Tumor biopsies do not cause cancer to spread to other parts of the body, a new Mayo Clinic study finds, dispelling a common myth that says otherwise. The study of more than 2,000 patients demonstrated that those who received a biopsy had a better outcome and longer survival than patients who did not have a biopsy.
The researchers studied pancreatic cancer, but the findings likely apply to other cancers because diagnostic technique used in this study — fine needle aspiration — is commonly used across tumor types, says the study’s senior investigator and gastroenterologist Michael Wallace, M.D., M.P.H., professor of medicine. The team’s findings are published in the Jan. 9 online issue of the journal Gut.
Fine needle aspiration is a minimally invasive technique that uses a thin and hollow needle to extract a few cells from a tumor mass. A long-held belief by a number of patients and even some physicians has been that a biopsy can cause some cancer cells to spread.
While there have been a few case reports that suggest this can happen — but very rarely — there is no need for patients to be concerned about biopsies, says Dr. Wallace. “This study shows that physicians and patients should feel reassured that a biopsy is very safe,” he says. “We do millions of biopsies of cancer a year in the U.S., but one or two case studies have led to this common myth that biopsies spread cancer.”
Biopsies offer “very valuable information that allow us to tailor treatment. In some cases, we can offer chemotherapy and radiation before surgery for a better outcome, and in other cases, we can avoid surgery and other therapy altogether,” Dr. Wallace says. Surgery for pancreatic cancer is a very big operation, and “most people should want to make sure they have cancer before they undergo surgery,” he adds.
He cites a previous study that found that 9 percent of patients who underwent surgery because of suspected pancreatic cancer actually had benign disease — an outcome that might have been preventable with preoperative tumor biopsy.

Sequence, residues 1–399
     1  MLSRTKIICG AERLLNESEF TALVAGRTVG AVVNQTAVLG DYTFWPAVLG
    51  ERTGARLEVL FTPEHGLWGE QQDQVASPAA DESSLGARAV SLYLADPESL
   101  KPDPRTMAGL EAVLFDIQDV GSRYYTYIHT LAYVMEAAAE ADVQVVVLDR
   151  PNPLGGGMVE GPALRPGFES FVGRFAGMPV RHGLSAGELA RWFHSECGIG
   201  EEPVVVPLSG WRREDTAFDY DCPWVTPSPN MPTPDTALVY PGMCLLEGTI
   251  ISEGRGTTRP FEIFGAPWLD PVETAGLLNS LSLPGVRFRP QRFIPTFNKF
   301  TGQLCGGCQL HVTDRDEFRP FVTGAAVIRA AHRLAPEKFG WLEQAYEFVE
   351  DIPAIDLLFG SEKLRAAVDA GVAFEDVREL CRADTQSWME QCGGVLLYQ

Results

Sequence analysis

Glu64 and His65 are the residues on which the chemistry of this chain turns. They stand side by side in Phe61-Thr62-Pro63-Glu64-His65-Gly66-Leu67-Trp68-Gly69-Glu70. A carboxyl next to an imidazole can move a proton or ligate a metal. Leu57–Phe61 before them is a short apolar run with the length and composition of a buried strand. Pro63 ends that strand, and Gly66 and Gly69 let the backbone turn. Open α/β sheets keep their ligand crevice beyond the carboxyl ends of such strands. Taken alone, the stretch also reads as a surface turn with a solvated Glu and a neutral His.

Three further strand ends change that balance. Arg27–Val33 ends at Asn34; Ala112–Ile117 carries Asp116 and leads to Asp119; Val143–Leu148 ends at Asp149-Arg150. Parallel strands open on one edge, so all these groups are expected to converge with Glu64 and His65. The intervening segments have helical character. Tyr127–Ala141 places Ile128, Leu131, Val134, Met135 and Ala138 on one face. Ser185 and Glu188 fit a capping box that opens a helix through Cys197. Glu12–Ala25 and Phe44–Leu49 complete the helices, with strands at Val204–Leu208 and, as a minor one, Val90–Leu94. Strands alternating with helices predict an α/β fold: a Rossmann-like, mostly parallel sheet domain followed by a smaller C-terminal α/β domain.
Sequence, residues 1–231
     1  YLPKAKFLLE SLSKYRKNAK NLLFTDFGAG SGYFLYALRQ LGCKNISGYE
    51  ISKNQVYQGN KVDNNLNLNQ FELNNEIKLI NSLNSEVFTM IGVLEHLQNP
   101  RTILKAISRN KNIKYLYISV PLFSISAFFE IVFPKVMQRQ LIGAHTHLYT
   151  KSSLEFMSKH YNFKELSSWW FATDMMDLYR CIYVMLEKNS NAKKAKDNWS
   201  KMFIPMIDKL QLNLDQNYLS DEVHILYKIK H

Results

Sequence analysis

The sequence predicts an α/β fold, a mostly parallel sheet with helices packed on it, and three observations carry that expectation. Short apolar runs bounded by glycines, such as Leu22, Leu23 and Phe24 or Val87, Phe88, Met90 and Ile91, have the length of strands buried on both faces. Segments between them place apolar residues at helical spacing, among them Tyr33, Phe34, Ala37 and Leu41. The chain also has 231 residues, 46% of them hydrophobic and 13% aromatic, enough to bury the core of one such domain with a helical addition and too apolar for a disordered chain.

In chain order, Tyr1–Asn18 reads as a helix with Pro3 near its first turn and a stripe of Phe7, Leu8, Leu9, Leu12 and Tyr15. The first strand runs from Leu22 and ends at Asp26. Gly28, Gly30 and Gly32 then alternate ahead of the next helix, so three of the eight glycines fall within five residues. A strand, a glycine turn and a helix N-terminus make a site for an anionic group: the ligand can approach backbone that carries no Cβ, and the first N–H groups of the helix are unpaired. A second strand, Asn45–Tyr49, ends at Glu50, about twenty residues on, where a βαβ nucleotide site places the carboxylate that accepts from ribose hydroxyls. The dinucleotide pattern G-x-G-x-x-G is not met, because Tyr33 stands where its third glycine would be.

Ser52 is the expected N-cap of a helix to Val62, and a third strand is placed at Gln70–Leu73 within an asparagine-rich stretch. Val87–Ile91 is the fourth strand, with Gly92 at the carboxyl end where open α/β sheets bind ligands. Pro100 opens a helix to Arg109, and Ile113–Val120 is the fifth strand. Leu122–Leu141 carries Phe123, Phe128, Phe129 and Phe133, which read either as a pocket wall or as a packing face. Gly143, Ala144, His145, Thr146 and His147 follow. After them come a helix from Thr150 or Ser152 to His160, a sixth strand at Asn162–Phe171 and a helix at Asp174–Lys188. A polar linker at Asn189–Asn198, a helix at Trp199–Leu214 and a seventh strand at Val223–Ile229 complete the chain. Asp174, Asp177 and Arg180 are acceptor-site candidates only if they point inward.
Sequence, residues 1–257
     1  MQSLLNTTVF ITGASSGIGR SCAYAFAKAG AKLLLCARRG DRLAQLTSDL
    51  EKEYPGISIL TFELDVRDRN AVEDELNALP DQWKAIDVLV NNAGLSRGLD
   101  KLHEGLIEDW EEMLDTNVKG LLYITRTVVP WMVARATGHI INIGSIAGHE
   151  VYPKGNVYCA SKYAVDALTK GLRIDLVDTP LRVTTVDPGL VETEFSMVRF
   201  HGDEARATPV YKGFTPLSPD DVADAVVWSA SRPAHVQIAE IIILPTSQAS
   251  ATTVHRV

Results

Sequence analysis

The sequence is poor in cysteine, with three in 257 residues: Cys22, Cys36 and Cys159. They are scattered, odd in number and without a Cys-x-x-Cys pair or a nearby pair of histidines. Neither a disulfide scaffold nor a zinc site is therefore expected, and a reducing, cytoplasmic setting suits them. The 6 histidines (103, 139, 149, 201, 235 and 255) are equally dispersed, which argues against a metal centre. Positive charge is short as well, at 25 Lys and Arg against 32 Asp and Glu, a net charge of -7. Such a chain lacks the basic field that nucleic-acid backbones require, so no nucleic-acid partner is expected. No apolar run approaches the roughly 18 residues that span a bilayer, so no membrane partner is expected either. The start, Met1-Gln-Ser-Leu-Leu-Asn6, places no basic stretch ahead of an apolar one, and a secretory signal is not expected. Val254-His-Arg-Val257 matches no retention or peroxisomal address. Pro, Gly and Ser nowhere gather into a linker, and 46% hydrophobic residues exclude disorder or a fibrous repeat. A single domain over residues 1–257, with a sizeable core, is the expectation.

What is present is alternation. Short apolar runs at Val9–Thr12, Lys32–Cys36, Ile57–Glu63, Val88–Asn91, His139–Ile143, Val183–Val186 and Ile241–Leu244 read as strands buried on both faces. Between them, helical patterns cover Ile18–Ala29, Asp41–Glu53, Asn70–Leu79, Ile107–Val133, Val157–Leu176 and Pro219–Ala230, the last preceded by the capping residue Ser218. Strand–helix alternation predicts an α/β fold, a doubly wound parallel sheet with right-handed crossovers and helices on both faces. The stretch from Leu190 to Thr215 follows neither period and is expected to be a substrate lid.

Biopsies associated with better survival rates
Dr. Wallace and his team have conducted two separate studies to examine the risk of biopsy.
In a 2013 study published in Endoscopy, the researchers examined outcomes in 256 pancreatic cancer patients treated at Mayo Clinic in Jacksonville, Florida. They found no difference in cancer recurrence between 208 patients who had ultrasound-guided fine needle aspiration (EUS-FNA) and the 48 patients who did not have a biopsy.
In the current study, they examined 11 years (1998-2009) of Medicare data on patients with non-metastatic pancreatic cancer who underwent surgery. The researchers examined overall survival and pancreatic cancer-specific survival in 498 patients who had a biopsy and 1,536 patients who did not.
During an average follow-up time of 21 months, 285 patients (57 percent) in the biopsy group died, compared to 1,167 patients (76 percent) in the non-biopsy group, the researchers found. Pancreatic cancer was identified as the cause of death for 251 patients (50 percent) in the biopsy group and for 980 patients (64 percent) in the non-biopsy. The biopsy group also had a longer median overall survival time than the non-biopsy group — 22 months compared to 15 months. Keep in mind that pancreatic cancer is one of the deadliest types of the disease; less than 5 percent of patients still alive five years after diagnosis.
While these results certainly seem to suggest that tumor biopsies are largely safe and effective, it should be noted that the researchers did not directly measure the spread of cancer cells. Rather, they used survival as a proxy measure for cancer spread, hypothesizing that “if tumor cell dissemination occurs with EUS-FNA, survival after complete resection would be impaired.”
It is unclear if survival is a valid indicator of tumor spread. However, given that death is the primary concern associated with the spread of cancer, these findings do address the most clinically significant outcome. What’s more, the results not only appear to refute the suggested link between biopsies and cancer spread, but they actually show that patients who undergo biopsies survive longer, on average, than patients who don’t. This is likely because biopsies allowed doctors to design better, more effective treatments for those patients, the researchers note.
“Biopsies are incredibly valuable,” Dr. Wallace says. “They allow us to practice individualized medicine — treatment that is tailored for each person and designed to offer the best outcome possible.”